The government has admitted its policy of capping increases in benefits will result in around 200,000 more children being in relative income poverty by 2015-16. The information has emerged in a written answer in Parliament from a junior DWP minister.
Following the recent Autumn Statement, the government is planning to limit the increase in most working-age benefits to just 1 per cent in each of the three years, 2013-14, 2014-15 and 2015-16. This is likely to lead to benefits both being cut in real terms (relative to consumer prices) and falling behind average earnings increases over the period.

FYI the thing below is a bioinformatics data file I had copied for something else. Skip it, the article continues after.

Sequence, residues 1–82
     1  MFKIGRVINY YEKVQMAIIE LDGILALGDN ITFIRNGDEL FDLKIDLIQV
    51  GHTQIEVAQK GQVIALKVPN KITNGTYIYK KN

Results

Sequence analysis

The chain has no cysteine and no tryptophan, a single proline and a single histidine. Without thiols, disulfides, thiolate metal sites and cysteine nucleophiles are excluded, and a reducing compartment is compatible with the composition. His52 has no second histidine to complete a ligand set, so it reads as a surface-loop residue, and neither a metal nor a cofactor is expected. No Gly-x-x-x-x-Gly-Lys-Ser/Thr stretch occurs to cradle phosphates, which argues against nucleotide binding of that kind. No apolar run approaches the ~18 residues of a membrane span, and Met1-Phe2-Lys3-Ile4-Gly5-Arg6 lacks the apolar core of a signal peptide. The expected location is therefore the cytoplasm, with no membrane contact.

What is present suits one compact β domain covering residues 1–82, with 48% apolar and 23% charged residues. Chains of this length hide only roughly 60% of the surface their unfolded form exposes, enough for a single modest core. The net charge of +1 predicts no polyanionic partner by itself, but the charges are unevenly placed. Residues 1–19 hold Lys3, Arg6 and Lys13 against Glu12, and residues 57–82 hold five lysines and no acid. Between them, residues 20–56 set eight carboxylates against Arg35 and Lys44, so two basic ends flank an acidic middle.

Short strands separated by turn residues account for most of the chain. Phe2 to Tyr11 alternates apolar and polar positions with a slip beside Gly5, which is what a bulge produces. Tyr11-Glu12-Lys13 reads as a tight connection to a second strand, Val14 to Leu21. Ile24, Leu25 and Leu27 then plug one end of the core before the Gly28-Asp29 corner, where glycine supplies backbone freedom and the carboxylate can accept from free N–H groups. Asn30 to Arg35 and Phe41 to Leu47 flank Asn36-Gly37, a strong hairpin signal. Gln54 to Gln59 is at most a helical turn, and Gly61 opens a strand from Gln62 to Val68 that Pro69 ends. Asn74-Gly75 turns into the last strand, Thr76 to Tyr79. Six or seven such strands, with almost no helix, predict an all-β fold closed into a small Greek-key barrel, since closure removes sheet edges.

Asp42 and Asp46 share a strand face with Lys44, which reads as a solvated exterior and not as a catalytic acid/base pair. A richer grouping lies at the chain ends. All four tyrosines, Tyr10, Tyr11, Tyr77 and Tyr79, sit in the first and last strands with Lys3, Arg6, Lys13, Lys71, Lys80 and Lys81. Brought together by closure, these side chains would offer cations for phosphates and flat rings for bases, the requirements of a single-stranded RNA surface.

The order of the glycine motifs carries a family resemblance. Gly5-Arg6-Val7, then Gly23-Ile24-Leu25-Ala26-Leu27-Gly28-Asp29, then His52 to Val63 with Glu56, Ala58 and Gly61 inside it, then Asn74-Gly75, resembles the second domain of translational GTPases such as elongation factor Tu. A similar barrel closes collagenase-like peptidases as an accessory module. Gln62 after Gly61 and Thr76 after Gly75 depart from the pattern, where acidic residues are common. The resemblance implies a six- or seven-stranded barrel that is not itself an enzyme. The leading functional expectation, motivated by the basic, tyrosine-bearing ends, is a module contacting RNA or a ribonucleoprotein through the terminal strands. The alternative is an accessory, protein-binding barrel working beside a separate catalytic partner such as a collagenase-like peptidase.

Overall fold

The Child Poverty Action Group said the government's child poverty strategy was in 'utter disarray', with its policies overall set to push a million more children into poverty by 2020, and accused ministers of being 'in denial'. The government said it was 'not helpful' to look at relative income in isolation as a way of tracking progress on eradicating child poverty.